Composer: Tracy Schwarz.
Personnel: Mike Seeger (vocals, tenor, guitar, banjo, dulcimer, autoharp, mandolin, fiddle, harmonica); Tom Paley (vocals, tenor, guitar, banjo, autoharp, mandolin); Tracy Schwarz (vocals, tenor, guitar, banjo, fiddle, spoons); John Cohen (vocals, bass voice, guitar, banjo, claw hammer banjo, mandolin, fiddle, triangle); Rev. Gary Davis, Rodney Balfa, Sara Carter (vocals, guitar); Clarence Ashley , Dock Boggs, Cynthia May Carver, Roscoe Holcomb (vocals, banjo); Dillard Chandler, Fields Ward, Dellie Norton (vocals); Tony Balfa, Ron Tinkler, Elizabeth Cotten, Eric Thompson, Rensel Rich, Jody Stecher, Mother Maybelle Carter, Sam McGee (guitar); Kirk McGee, Mac Benford, Wade Ward (banjo); Holly Tannen (dulcimer); Penny Seeger, Kilby Snow (autoharp); Dave Ricker, Elmer Rich (mandolin); Dewey Balfa, Eck Robertson, Crockett Ward, Sanford Rich, Fiddlin' Arthur Smith & His Dixieliners, Will Spires, Harry Rich, Sue Draheim (fiddle); Allison Young (accordion); Weston Bergeaux (drums); Larry Hanks (Jew's harp).
Audio Remasterers: Matt Walters; Malcolm Addey; Matt Walters; Mike Seeger.
Liner Note Author: Jon Pankake.
Photographer: Chris Strachwitz.
Arrangers: Clarence Ashley ; Fred Cockerham; Tommy Jarrell.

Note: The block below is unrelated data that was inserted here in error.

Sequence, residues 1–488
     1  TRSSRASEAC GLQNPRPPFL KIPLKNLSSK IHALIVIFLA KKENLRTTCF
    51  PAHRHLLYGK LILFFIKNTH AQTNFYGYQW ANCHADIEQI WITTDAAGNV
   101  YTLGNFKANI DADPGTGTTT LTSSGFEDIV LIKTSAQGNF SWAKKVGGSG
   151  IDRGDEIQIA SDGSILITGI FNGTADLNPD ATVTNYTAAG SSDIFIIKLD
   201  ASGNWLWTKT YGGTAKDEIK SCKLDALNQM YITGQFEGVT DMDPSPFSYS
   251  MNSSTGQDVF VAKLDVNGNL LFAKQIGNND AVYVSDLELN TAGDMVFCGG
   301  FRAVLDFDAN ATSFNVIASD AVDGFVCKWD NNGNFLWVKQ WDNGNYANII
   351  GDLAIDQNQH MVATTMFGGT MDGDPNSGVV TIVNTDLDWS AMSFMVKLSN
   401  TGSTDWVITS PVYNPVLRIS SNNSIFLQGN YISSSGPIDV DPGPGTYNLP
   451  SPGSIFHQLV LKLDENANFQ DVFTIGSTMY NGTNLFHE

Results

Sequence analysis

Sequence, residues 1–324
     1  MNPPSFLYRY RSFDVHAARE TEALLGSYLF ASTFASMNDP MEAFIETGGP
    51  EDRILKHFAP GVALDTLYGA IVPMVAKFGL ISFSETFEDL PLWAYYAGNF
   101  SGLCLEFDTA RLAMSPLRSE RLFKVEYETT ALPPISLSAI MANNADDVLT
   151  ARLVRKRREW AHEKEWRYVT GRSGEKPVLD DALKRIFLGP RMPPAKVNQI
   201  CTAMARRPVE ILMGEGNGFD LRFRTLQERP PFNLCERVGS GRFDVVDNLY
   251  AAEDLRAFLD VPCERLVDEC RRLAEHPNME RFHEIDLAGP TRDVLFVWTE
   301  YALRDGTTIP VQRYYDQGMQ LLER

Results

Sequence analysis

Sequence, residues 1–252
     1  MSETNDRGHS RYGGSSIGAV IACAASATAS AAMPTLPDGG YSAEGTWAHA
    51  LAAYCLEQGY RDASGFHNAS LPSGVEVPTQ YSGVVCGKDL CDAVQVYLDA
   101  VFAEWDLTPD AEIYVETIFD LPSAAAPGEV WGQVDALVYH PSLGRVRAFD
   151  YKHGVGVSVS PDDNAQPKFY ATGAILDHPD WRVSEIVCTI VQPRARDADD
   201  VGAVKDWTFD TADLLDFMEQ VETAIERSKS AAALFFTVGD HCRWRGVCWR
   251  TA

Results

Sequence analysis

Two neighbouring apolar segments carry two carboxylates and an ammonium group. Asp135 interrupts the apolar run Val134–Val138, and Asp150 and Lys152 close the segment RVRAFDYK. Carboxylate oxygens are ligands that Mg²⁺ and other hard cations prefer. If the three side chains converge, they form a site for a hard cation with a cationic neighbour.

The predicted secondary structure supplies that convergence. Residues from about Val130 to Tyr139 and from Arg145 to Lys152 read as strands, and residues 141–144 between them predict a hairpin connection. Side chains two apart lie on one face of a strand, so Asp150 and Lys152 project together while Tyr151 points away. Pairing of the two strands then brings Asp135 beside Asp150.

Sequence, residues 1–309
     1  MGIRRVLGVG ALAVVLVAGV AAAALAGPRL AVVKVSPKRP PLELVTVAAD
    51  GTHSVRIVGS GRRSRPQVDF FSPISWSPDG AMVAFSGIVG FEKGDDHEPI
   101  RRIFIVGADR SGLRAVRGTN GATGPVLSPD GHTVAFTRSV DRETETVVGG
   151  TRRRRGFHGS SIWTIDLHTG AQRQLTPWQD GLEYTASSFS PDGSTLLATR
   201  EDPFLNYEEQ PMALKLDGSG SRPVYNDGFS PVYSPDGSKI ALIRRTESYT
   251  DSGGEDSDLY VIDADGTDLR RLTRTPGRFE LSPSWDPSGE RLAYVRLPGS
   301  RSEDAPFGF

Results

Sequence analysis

The New Lost City Ramblers were instrumental in bridging the gap between the young urban folk musicians of the early '60s, who embraced the form and feel of old-time American music, and the last of the great rural singers and players who had actually grown up with the music in its original incarnation. This wonderful set combines two earlier collections, THE EARLY YEARS: 1958-1962 (featuring the original trio) and OUT STANDING IN THEIR FIELD: VOLUME II: 1963-1973 (featuring the later version of the group with Schwarz), with a third disc called WHERE DO YOU COME FROM? WHERE DO YOU GO?, which presents some of the field recordings NLCR did of the musicians that inspired them. The end result is a well-rounded portrait of an important and vital string band who were always careful to stay true to the intent and execution of the precious musical resource they drew from, never doing any song a disservice and always working to create a seamless bridge between the old and the re-imagined.